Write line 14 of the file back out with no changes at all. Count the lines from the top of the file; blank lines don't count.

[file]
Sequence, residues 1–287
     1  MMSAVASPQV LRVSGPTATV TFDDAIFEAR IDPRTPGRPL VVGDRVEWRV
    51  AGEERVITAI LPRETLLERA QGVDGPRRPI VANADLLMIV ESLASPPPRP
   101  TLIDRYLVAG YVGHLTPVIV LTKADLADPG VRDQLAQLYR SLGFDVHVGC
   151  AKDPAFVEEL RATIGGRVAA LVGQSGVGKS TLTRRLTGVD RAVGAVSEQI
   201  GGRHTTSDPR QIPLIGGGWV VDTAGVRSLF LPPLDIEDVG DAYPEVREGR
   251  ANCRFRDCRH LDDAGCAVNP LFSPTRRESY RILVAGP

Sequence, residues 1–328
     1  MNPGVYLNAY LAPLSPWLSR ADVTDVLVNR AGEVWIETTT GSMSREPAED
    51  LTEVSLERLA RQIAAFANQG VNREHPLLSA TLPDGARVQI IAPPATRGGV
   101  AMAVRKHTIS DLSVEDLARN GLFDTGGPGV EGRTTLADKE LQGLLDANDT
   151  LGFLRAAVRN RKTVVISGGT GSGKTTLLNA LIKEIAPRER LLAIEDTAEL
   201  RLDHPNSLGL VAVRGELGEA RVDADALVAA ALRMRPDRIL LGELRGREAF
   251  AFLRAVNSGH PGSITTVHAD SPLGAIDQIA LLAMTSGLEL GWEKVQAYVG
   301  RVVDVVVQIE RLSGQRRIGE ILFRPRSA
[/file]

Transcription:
   251  AFLRAVNSGH PGSITTVHAD SPLGAIDQIA LLAMTSGLEL GWEKVQAYVG